The more I think about the topic of these sweeping life changes so many of us seek to become happier, more complete humans, the more I think we’re just afraid to fail and the more I think maybe our definition of failure is the real problem. If you think about it, failure is good. It means we did something, we tried, we got out our dartboard and started throwing. It also means that we had a specific outcome in mind, defined that outcome as success, and didn’t find it at the end of whatever it was we set out to do. But what if, let’s say, you set out to make scrambled eggs and instead made an omelet that tastes EVEN better than the scramble you originally wanted to create? Technically, you failed but approached through a different relative lens, you succeeded to do something far greater than the scramble. You made a delicious omelet! (In the dartboard analogy, you’d define success as throwing the darts and not as hitting the bulls eye. In that scenario, you basically won every time.)
I don’t know. Maybe that makes no sense.
Some of my best accomplishments though (or at least things I can look back on and say, “Hm, kind of cool I made that happen,”) were the result of catastrophic failures. There’s a silly quote about success being a result of getting up one more time than you’re knocked down but I think success is just whatever you make it out to be. You define success. Sure it’s great to have goals but they must be shifty, changeable, nimble little things you can mold based on the variability and chaos of life.
Also, what were you working on? Send me some photos of your recent art.
Sept. 18 - Email from Yvonne de Jonge
Hi there. It’s been a while. Yikes.
Hope you’re well!
I suddenly had some family things to focus on (all good now), hence the hiatus.
So. Yes. It does make sense. The omelet analogy (good title for a book ;)). And you really do define your own succes. Good points.
Thoughts on being successful, by Marloes de Vries:
You know, I made screenshots of comments on my work by people I admire, photos of me (oh boy) at creative markets or events and my work other people posted/promoted online. Seeing all of these images together makes me feel super good about the things I did (the ‘very cool I made that happen’, feeling) and gets me motivated to do new things (although feeling motivated isn’t always the same as actually ‘doing’ something).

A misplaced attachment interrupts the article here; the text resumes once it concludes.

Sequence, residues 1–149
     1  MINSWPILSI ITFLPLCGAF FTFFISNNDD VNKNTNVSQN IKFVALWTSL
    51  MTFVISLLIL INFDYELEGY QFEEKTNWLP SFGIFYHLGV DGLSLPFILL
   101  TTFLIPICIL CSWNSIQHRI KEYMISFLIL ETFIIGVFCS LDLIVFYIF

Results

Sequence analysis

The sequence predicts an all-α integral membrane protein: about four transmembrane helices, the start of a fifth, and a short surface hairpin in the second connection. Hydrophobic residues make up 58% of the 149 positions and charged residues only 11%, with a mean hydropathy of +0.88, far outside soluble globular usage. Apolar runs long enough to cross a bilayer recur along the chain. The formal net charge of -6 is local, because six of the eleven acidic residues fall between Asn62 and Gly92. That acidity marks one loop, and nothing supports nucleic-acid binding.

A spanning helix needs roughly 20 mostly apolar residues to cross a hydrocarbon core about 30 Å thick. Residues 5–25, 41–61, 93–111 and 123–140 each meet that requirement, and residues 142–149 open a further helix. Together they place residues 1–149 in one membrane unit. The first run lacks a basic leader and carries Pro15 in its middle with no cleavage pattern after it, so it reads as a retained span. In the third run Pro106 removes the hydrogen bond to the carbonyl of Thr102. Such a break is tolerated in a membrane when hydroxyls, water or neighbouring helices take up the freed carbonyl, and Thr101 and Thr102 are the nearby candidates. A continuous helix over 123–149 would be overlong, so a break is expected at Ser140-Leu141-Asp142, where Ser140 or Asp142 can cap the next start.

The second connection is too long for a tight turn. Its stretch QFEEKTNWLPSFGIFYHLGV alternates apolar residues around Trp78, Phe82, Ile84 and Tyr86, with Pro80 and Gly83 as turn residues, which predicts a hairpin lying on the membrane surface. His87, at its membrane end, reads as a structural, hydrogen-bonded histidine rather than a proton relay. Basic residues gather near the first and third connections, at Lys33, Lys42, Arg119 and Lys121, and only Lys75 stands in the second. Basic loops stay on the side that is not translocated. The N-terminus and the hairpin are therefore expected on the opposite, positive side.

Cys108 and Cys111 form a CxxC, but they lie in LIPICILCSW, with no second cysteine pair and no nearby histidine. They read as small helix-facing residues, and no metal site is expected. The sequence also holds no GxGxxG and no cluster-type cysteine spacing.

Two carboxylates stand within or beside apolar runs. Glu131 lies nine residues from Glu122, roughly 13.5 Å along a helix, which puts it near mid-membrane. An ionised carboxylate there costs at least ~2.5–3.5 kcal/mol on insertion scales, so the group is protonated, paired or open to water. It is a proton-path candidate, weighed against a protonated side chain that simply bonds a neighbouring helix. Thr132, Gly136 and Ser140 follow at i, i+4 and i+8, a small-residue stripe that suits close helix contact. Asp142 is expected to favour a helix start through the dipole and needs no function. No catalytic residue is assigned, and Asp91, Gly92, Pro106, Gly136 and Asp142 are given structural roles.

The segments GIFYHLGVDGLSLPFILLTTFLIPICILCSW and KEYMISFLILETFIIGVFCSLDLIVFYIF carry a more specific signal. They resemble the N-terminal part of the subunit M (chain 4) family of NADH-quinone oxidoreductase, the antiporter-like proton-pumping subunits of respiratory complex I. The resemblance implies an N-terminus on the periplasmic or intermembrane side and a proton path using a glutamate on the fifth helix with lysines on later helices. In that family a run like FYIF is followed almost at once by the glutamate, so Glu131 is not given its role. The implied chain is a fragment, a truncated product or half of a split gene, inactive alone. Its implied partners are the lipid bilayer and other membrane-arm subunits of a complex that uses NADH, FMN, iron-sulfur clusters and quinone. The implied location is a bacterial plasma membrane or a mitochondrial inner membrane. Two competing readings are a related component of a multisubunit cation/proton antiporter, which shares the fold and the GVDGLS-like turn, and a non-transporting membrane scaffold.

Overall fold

I should really print those out and stick ‘em on a (non-digital) board.
It may sound a bit sad, haha, but it really does help to feel supported by your peers, doesn’t it? From time to time, we do need a reminder that we’re actually not doing that bad.
I’m not working on anything (sigh) at the moment. I haven’t been working on anything creative for quite a while.
I guess, as ‘freelancers’ (or how you like to call it, personally I don’t like the term girl-boss much), we need to learn to ‘let go’ and live a little as well?
We’re mostly a hard-working bunch, who maybe find it hard to relax? Which brings us right back to mindfulness.
Oh! I watched a BBC program this week about age vs body age. Really interesting. Some people lowered their body age by more / regular exercise, others by adapting a healthier diet (one guy was now still healthy looking but ate a lot of junk food and had a high risk of heart disease). One woman, who’s stress-levels at work were aging her, used Mindfulness and knocked 9 years off in 12 weeks!
Mind over matter indeed. And it shows that one solution doesn’t fit all.
The (only) two states of a freelancer, by Marloes de Vries:
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Sept. 18 - Email from Melissa Kandel
Wow, so much to digest. You know, I think we may have enough to publish something. Your emails are always the motivating jolt I need … to know there are others in the world struggling with the same waning and waxing of creativity. It helps more than you know.